I've been a full-time sex writer for a year now. In just the past 12 months, this beat led me to an orgasmic meditation demonstration, a kinky reenactment of a British foxhunt, a BDSM porn shoot, and a chat with the wife of a child-sex abuser. I've covered less extreme topics like the politics of sex education and the prevalence of infidelity; it’s been everything from the prosaic to the paraphilic.
You might expect that this talk of sexsexsex all the time would change my own relationship to the act in a profound way -- at least, I did. I figured it might lead to carnal fatigue -- after writing about it all day, would I really want to go home and do it? But sex as a topic can be broad and indefinite; conversations about things like the politics of sex education and philandering congressmen tend to melt away when you're in the heat of the moment.
That isn't to say that I never bring work home with me -- part of what makes sex interesting in the larger cultural sense is that it does have unavoidably deep personal implications. For instance, the time I witnessed the filming of a porn scene in which several amateurs slapped and spit on a naked woman while a popular male performer rammed into her and a dominatrix shocked her with cattle prods. Afterward, I felt ... annihilated, emotionally depleted, depressed. I called my boyfriend that night and told him I desperately needed a wholesome cuddle -- and, to my surprise, that wholesome cuddle turned into a deeply passionate romp. For me, it was a personal affirmation of the other, loving and intimate side of sex.
The biggest personal impact of writing about sex five days a week doesn't happen behind closed doors, though. People attach certain expectations to you: As my former roommate once told me, "You're the most prudish sex writer I've ever met!" (For the record, she had met exactly zero other sex writers.) A straight female friend said a similar thing when I turned down her drunken proposition for a make-out. There's a belief that if you write about sex, you will be an exhibitionist without boundaries (this is even truer for most anyone in the sex industry). I was on Judith Regan's Sirius radio program recently talking about how porn influences the way that people have sex, and the host asked me to reveal my most embarrassing fantasy; I shyly demurred.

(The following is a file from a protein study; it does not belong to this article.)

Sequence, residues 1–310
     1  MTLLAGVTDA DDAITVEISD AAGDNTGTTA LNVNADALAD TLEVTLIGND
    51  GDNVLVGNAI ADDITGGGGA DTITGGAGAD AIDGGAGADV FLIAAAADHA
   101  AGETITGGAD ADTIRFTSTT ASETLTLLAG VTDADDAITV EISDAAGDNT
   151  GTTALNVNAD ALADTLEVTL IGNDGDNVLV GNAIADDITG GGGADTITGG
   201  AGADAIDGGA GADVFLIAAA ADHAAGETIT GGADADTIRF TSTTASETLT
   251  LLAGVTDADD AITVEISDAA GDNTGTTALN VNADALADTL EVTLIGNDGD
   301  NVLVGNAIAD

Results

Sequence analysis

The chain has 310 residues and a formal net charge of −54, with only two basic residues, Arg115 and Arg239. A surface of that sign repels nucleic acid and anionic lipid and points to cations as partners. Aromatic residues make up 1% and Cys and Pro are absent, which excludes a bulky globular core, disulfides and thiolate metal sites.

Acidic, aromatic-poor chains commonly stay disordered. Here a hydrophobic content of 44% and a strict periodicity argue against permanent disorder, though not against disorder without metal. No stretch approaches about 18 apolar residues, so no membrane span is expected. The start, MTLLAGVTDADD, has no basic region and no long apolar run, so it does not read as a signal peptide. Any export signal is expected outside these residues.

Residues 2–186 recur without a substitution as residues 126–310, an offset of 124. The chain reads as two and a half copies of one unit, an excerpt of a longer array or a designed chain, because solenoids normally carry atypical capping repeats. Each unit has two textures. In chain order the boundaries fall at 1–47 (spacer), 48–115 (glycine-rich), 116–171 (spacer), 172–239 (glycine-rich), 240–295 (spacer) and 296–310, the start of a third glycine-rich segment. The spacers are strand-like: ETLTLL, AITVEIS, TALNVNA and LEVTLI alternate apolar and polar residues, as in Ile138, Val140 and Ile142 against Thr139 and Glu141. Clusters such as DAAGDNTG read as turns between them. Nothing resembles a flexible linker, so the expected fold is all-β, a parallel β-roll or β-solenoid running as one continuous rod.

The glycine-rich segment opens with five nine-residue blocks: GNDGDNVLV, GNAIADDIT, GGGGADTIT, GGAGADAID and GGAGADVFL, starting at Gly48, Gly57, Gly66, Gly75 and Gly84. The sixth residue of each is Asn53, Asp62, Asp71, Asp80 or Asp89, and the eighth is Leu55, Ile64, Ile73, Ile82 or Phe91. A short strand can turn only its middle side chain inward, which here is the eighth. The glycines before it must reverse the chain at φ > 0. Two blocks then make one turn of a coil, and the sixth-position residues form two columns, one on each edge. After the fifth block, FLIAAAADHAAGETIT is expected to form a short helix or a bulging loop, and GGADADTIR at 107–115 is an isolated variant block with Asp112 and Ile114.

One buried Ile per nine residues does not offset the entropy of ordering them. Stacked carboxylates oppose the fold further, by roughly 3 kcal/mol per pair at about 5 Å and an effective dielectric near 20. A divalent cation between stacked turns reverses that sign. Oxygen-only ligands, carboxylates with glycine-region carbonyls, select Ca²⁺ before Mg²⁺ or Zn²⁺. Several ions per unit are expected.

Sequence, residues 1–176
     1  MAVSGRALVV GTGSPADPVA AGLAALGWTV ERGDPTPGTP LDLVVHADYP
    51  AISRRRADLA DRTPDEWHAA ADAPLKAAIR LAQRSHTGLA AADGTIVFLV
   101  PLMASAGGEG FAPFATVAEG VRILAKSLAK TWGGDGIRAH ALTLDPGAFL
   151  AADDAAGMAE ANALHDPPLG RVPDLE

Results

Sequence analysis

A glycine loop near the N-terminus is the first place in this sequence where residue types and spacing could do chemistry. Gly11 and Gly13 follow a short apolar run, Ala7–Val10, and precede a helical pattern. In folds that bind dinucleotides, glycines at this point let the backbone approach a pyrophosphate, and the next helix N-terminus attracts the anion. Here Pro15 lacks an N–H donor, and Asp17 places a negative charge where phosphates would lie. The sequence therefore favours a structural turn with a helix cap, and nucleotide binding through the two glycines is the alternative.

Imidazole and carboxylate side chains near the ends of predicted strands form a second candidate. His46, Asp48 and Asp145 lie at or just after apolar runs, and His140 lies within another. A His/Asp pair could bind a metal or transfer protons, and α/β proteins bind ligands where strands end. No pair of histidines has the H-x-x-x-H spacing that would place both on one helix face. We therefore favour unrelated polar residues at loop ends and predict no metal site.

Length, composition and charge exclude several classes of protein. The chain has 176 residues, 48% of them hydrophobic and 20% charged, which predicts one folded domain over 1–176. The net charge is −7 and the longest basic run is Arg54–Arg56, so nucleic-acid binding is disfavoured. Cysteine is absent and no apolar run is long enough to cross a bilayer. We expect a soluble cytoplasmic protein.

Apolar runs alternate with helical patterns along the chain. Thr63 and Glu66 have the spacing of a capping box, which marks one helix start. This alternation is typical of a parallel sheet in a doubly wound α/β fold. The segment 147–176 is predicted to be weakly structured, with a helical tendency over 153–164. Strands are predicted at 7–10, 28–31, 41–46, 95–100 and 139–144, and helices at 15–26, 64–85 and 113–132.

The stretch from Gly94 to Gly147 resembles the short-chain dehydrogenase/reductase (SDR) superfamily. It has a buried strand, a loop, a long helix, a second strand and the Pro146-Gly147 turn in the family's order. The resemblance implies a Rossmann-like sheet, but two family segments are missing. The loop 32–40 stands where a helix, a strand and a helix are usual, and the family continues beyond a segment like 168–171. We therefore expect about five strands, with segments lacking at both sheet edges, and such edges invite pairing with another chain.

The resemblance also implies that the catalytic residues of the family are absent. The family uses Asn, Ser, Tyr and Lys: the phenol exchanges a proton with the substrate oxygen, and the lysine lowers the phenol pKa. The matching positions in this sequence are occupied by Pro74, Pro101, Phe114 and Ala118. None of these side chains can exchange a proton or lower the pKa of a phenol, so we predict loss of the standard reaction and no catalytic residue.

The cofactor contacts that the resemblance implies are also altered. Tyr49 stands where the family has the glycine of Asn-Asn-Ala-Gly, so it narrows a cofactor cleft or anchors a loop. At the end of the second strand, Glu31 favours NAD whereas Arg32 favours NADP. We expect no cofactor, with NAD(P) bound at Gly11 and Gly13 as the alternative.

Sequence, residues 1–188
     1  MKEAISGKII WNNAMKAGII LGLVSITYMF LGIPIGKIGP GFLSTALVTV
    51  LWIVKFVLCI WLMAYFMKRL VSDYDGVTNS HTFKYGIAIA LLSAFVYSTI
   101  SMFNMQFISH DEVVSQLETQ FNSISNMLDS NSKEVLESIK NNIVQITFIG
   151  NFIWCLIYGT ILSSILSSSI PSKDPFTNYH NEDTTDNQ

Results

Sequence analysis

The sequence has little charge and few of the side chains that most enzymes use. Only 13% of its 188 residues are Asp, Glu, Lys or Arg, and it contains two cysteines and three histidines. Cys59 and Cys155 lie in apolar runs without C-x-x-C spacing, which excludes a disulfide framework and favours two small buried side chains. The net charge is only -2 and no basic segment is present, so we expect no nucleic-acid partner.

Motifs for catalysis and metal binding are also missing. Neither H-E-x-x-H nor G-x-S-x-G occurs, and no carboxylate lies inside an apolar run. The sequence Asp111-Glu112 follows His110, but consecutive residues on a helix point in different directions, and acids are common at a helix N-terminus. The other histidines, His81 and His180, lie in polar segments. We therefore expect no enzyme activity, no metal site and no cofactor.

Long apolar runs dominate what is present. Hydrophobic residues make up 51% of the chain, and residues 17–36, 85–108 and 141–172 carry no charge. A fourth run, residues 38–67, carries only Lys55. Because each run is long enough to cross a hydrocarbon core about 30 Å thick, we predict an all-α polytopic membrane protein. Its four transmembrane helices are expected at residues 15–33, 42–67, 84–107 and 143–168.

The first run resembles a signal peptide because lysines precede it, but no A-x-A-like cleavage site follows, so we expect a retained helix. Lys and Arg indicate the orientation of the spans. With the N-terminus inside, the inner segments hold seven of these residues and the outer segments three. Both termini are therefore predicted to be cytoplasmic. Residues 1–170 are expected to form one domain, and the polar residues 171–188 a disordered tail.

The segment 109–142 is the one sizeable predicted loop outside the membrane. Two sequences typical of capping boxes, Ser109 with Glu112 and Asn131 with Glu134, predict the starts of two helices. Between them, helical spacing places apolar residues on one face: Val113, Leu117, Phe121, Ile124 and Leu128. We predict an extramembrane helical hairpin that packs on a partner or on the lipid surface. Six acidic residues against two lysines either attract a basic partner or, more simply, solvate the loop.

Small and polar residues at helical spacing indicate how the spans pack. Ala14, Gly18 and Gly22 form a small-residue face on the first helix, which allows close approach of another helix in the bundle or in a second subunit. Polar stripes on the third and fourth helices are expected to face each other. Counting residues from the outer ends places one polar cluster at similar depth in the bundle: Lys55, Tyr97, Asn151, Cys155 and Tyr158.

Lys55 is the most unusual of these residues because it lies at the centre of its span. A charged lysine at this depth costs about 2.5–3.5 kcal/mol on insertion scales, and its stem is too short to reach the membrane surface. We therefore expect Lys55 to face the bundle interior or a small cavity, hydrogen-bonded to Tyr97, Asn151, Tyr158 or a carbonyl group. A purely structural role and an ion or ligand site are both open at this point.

Most profoundly, this trip through the vast landscape of the human sexual psyche has changed the way I view other people's sexual experiences. I've realized how deeply concerned we all are about whether our own experiences are normal. That basic concern is driven by the fear, a sneaking suspicion, that we are a total freak. That’s why I started my “advice” column, “Am I Normal?” -- where I take readers’ questions to the world’s leading experts. From questions about a distant lover to a cross-dressing kink, there is that one common thread. As I’ve developed relationships with leading sex researchers who are themselves wrestling with the scientific definition of "normal," I’ve realized how relative and subjective the concept is -- and, really, how little it matters.
This year has made me exceedingly compassionate about and open to the myriad ways that people seek sexual intimacy. Sex is one of the most profound ways that we have to connect with other human beings, to transcend our physical separation; and the fear of being sexually abnormal is ultimately a fear about being rejected, unloved and alone. Judgment is easy when it comes to extreme or socially unacceptable manifestations of sex. But, increasingly, my own reaction to people’s erotic idiosyncrasies -- whether it’s their interest in strictly vanilla sex or a fetish for latex animal costumes -- is: Aw, sweeties.